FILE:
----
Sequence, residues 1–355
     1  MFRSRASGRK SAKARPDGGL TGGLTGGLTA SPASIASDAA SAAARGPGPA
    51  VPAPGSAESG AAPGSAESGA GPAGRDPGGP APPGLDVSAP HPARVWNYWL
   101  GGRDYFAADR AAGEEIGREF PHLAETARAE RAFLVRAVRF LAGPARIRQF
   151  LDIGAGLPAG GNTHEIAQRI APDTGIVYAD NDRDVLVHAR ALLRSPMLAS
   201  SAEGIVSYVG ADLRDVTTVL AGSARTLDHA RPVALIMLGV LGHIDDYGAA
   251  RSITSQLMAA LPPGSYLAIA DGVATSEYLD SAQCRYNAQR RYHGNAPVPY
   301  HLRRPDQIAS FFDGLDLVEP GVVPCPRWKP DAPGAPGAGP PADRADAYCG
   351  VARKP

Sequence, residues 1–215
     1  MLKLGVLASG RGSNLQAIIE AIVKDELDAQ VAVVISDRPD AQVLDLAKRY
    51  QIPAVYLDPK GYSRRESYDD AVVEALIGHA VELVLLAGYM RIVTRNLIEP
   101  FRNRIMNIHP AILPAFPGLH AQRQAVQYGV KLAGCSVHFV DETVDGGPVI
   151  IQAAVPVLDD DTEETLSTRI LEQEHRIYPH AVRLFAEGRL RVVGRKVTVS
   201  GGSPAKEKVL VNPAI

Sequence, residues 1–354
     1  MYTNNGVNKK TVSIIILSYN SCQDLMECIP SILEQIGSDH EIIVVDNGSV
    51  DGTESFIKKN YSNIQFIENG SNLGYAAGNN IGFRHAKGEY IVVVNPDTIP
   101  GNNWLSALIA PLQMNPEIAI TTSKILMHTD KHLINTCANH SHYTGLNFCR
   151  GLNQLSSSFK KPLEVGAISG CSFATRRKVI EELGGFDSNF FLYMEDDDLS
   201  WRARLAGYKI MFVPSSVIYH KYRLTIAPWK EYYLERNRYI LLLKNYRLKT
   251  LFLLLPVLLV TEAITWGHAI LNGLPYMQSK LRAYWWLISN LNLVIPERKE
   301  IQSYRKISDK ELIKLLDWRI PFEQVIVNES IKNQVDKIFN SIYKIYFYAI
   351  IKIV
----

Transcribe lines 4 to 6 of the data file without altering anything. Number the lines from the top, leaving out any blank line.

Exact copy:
   101  GGRDYFAADR AAGEEIGREF PHLAETARAE RAFLVRAVRF LAGPARIRQF
   151  LDIGAGLPAG GNTHEIAQRI APDTGIVYAD NDRDVLVHAR ALLRSPMLAS
   201  SAEGIVSYVG ADLRDVTTVL AGSARTLDHA RPVALIMLGV LGHIDDYGAA